Wednesday, 18 May 2016

Phase 0 of Clinical Trials

Excerpted from: Mahan, V.L. (2014) Clinical Trial Phases. International Journal of Clinical Medicine, 5, 1374-1383. Available from: Link

Phase 0 Clinical Trials:

The concern was stagnation and declining innovation with a widening gap between knowledge and clinical use. A drug entering Phase I trials in 2000 was not more likely to come to market than one entering Phase I trials in 1985 [23]. Improvement in prediction of failure during early clinical trials saves in development costs and time to market [24]. The concept of exploratory investigation new drug (IND) studies was a result of this FDA analysis and can help with determining whether a defined mechanism of action can also be observed in humans, provide information on pharmacokinetics, select promising products from a group of candidates, and evaluate biodistribution. The purpose of these studies is to help in the go versus no-go decision making process of a drug’s fate early in the development process using human models rather than relying on animal data.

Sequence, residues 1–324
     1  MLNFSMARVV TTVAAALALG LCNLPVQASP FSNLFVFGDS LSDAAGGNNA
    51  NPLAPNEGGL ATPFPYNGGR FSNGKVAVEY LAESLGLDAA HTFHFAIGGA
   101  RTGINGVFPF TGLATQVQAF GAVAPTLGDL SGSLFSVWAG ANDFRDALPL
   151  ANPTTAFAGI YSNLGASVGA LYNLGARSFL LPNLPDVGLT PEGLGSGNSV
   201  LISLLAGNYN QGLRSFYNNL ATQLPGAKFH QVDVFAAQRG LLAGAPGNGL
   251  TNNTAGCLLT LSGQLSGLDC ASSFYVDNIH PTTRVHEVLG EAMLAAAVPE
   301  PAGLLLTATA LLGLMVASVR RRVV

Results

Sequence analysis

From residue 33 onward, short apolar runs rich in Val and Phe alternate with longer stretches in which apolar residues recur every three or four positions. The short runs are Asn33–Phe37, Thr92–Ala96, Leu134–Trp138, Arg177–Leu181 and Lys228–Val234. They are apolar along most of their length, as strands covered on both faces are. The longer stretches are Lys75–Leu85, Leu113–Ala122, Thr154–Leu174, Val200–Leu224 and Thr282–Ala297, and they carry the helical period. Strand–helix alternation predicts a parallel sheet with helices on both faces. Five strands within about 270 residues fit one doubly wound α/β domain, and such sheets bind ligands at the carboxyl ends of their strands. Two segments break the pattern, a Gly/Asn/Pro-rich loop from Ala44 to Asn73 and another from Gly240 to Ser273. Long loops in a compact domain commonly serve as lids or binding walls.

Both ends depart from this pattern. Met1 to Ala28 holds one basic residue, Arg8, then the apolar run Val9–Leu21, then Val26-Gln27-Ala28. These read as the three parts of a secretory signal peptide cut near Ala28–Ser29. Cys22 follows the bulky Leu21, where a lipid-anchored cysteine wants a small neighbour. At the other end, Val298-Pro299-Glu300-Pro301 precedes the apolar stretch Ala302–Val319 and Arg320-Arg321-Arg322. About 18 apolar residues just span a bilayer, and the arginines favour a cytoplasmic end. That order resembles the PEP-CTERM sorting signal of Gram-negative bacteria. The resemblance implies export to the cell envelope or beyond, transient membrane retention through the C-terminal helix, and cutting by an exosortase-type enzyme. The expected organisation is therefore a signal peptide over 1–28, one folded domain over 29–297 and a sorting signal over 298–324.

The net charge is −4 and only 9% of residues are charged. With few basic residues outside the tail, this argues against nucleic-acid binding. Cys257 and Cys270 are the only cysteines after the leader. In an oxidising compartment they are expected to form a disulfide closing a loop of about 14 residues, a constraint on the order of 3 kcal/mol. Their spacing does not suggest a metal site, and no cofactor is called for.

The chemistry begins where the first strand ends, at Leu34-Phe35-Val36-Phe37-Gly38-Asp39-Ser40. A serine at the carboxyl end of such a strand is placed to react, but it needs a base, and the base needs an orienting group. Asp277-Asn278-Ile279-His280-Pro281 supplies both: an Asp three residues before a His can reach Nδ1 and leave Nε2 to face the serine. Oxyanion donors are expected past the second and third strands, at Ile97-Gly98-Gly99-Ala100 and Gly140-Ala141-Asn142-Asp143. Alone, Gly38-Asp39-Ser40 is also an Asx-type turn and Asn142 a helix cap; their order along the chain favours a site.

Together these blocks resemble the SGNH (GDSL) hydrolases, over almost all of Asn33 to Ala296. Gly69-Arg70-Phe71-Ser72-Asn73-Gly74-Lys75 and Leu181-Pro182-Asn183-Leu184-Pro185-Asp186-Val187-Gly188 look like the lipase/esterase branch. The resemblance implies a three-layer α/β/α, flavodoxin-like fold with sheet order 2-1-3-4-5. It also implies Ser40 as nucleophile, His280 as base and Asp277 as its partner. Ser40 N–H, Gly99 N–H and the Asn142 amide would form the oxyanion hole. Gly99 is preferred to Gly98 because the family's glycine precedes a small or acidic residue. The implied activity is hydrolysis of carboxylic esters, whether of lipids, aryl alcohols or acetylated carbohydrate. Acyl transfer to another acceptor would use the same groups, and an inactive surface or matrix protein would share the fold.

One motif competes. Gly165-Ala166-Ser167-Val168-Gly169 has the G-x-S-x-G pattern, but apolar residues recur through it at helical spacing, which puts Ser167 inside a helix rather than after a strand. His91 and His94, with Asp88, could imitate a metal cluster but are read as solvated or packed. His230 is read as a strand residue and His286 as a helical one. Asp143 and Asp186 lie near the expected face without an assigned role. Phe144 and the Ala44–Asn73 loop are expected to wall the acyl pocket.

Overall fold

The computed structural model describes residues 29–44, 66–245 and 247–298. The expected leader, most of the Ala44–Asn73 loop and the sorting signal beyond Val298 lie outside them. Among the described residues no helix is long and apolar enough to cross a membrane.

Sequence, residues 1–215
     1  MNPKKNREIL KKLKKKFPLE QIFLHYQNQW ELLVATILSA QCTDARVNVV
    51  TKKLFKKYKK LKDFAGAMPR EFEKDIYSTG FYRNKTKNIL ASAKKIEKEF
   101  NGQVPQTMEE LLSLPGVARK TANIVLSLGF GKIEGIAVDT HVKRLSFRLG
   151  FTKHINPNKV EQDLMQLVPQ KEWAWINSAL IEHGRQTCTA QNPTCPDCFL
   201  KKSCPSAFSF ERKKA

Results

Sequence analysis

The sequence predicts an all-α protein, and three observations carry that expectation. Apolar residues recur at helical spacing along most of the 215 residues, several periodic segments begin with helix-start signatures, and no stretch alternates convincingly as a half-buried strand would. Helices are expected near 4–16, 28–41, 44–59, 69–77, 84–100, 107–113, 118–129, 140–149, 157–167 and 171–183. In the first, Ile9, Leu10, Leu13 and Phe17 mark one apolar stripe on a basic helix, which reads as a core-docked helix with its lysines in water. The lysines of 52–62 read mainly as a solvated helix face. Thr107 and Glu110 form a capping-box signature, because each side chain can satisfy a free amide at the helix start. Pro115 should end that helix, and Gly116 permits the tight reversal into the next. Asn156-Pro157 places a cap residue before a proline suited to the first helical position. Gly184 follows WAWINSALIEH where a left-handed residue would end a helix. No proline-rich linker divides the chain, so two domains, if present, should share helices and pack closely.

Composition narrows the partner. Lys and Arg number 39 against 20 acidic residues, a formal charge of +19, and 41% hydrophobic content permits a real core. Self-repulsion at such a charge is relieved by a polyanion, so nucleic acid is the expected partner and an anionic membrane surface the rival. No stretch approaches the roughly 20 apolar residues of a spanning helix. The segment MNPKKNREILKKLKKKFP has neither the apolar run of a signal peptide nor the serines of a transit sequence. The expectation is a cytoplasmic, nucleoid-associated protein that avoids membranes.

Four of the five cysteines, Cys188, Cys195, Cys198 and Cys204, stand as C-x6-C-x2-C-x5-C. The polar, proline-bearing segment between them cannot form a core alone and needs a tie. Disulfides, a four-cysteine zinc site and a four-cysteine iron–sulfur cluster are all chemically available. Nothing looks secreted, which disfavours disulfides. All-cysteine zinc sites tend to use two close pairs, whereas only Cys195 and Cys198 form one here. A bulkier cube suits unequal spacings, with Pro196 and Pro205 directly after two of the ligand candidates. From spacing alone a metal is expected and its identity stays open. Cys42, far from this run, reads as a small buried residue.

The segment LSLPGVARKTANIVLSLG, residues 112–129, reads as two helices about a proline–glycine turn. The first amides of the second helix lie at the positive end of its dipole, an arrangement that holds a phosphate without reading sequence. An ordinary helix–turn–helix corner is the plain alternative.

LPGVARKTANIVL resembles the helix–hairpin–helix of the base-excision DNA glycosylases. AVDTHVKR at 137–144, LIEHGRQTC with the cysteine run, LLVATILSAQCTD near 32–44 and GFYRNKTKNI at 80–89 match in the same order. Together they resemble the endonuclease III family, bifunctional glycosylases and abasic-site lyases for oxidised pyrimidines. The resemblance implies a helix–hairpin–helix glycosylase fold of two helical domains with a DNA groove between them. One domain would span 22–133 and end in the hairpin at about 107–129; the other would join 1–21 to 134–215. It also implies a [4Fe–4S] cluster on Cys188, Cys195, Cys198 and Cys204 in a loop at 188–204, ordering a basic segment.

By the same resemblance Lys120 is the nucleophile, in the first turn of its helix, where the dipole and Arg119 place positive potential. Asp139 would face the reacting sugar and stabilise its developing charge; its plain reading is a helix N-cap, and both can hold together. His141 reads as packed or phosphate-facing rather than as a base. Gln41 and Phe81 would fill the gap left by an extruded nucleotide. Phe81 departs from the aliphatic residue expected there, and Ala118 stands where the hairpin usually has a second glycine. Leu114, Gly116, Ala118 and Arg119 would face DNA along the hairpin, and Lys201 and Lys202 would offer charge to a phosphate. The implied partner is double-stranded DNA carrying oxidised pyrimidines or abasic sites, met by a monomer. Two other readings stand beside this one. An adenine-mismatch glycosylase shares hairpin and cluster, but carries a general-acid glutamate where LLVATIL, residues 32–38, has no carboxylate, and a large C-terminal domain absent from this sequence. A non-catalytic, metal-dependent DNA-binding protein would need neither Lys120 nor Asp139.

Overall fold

Exploratory IND studies (also known as Phase 0 studies) are conducted early in clinical phase studies and involve limited human exposure and have no therapeutic or diagnostic intent. Doses are subtherapeutic and patients are monitored by the clinical researcher and involve about 10 study patients. Duration of a patient’s participation is usually less than 1 week. Phamacodynamics and pharmacokinetics are studied. These trials are before the traditional dose escalation, safety, and tolerance studies, do not replace the Phase I clinical trials and do not indicate whether a therapy has a positive impact on the targeted pathology. These studies help in eliminating candidate therapies before they reach Phase I studies [25]-[27]. These trials were developed to shorten the critical path for drug development, to explore pharmacokinetic and pharmacodynamic profiles of IND’s in humans, to help in accelerating identification of promising drugs, and to reduce development time and costs. Limitations of these trials include lack of therapeutic intent, motivation of patients to participate, may delay or exclude patients from other clinical trials that may have therapeutic intent, microdosing pharmacokinetics and relationship to therapeutic dose, and availability of sensitive analytical methods [28]. Attrition rates are high and only about 8% come to market.


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